"If we and the rest of back-boned animals were to disappear overnight, the rest of the world would get on pretty well. But if the invertebrates were to disappear, the worlds ecosystems would collapse." Sir David Attenborough Buglife
Insects are perhaps the greatest unsung heroes of the natural world. They deliver so many essential services that the living world could not live without them. Working without pay, day and night, in the air, on land and in water. And yet we generally see them as pests and invest so much money and energy in exterminating them, that you would think that they were evil villains. The combination of habitat loss, industrialised agricultural practices and urbanisation has created a situation where 40% of species are facing dramatic declines around the world and one third of insect species are classed as endangered, facing extinction in the next few decades.
"It is becoming increasingly obvious our planet's ecology is breaking and there is a need for an intense and global effort to halt and reverse these dreadful trends. Allowing the slow eradication of insect life to continue is not a rational option." Matt Shardlow Buglife in 'Global insect decline may see 'plague of pests'' BBC
According to the National Geographic, "There are 1.4 billion insects per person on this planet and we need (almost) every one of them."
I would like to take a quick look at a few of the ecosystem services that insects give at no cost, and some of the simple things we can do in our homes, gardens and local countryside to help them survive and even thrive. Future blogs will explore individual groups of insects in more detail.
"Managing insects in ways that ensure the sustainability of ecosystem services is not optional, but rather is critical to human survival. The consequences of undermining the sustainable delivery of ecosystem services include famine, water shortages, threats to human health and economic disruption." Professor Timothy Schowalter SciTech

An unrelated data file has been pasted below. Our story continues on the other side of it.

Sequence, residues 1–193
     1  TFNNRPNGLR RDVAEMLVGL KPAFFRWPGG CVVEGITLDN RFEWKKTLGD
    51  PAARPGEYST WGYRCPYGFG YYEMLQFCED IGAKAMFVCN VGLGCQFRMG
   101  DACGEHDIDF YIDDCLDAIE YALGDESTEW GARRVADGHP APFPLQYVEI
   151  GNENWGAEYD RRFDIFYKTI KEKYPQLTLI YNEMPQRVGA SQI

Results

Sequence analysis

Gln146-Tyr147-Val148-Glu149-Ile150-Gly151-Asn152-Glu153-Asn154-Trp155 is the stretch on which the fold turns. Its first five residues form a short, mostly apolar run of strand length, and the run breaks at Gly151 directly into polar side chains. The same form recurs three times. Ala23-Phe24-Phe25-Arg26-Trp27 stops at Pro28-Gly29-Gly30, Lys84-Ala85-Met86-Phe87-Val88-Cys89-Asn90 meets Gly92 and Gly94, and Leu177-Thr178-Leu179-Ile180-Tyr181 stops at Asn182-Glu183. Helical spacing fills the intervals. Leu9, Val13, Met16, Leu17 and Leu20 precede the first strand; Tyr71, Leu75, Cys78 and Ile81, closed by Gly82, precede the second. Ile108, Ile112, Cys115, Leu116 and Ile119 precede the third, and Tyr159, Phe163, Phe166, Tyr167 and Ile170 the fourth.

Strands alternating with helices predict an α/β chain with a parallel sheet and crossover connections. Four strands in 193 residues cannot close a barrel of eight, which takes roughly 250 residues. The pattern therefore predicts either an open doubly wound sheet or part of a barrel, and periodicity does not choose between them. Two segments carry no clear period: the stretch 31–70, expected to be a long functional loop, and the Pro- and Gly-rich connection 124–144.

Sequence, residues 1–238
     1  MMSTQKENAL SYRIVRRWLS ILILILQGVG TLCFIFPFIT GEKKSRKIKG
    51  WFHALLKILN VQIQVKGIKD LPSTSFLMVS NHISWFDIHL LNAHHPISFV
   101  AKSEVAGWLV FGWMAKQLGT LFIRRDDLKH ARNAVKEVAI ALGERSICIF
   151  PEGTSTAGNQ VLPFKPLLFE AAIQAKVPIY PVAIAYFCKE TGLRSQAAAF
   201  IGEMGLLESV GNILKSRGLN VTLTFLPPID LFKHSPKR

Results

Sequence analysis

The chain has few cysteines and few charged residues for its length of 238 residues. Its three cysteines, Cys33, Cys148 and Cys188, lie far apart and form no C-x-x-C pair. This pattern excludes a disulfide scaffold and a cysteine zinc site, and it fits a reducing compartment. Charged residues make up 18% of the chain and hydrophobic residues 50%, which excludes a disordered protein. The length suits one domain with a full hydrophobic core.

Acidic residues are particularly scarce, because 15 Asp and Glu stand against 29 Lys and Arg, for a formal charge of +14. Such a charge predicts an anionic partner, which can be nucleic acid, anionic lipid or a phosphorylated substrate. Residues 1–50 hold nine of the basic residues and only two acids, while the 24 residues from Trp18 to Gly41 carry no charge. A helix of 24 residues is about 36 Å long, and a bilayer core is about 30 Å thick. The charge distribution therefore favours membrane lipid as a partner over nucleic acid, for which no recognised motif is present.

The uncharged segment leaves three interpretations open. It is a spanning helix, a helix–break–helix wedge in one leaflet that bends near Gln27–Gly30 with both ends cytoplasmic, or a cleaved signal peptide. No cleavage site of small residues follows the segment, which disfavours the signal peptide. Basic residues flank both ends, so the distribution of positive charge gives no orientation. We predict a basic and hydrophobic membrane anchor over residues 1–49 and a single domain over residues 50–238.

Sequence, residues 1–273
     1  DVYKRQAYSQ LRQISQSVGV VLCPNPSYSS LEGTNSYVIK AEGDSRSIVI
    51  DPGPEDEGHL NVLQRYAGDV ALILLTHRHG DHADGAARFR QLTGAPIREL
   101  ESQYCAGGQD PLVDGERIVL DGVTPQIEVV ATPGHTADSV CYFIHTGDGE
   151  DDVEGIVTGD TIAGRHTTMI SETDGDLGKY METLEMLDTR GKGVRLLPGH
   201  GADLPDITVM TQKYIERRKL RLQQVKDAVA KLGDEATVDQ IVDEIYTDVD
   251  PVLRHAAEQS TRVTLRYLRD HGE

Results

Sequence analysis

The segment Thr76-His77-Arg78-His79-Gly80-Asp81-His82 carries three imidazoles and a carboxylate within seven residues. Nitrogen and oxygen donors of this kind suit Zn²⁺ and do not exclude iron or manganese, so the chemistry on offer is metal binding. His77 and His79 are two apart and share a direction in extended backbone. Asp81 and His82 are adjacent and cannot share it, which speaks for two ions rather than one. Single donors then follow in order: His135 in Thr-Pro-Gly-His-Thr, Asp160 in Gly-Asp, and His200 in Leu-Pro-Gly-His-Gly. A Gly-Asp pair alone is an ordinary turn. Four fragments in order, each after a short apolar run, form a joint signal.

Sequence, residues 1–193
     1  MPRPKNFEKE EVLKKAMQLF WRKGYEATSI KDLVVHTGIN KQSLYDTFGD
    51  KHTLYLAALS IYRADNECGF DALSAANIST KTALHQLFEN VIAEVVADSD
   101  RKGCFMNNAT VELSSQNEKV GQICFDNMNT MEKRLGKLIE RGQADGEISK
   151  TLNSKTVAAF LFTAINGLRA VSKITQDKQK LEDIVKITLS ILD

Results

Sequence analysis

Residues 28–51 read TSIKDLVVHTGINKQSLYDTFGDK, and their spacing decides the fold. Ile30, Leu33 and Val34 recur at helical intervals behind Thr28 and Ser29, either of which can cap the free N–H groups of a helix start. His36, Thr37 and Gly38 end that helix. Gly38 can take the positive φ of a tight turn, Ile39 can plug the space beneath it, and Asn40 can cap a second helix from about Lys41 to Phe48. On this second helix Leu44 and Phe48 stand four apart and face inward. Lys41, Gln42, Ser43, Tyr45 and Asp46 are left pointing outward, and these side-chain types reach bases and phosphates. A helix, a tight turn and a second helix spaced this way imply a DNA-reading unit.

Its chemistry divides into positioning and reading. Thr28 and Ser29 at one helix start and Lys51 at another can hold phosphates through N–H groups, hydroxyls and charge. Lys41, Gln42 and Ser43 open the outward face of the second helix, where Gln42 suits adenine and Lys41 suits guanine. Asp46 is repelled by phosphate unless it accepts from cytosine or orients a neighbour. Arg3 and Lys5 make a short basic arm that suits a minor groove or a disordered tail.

Everyone is familiar with the friendly bumble bee fumbling flowers as it busily buzzes through a long hot summer day. Up to 90% of the world's food crops rely on insect pollination, producing 35% of total food consumed. Insects are the cornerstone of the food chain for most animals, feeding either them or their prey. They are estimated to be 300 times more efficient than cattle at producing protein. Beyond producing honey, they are also a significant food source for humans in many countries from Sardinia where "crying cheese" is served with maggots tumbling out, to Mexico where spicey grasshoppers are a delicacy. During a swarm year they earned families an average of $3000 dollars each, as opposed to a $150 cost each to spray insecticides. World Atlas
But what about wasps, what good do they do? Well there are many types of wasps with different species providing numerous useful services. These include regulating "pest" species by feeding on aphids and caterpillars, and even parasitising them by injecting eggs into their bodies. Other wasps clean up, feeding on dead insects, recycling dead plant material and speeding up its decomposition. Some wasps are brewers and vintners storing wild yeasts and their offspring re-introducing them to the grapes to create the quintessential flavours of many wines and ciders.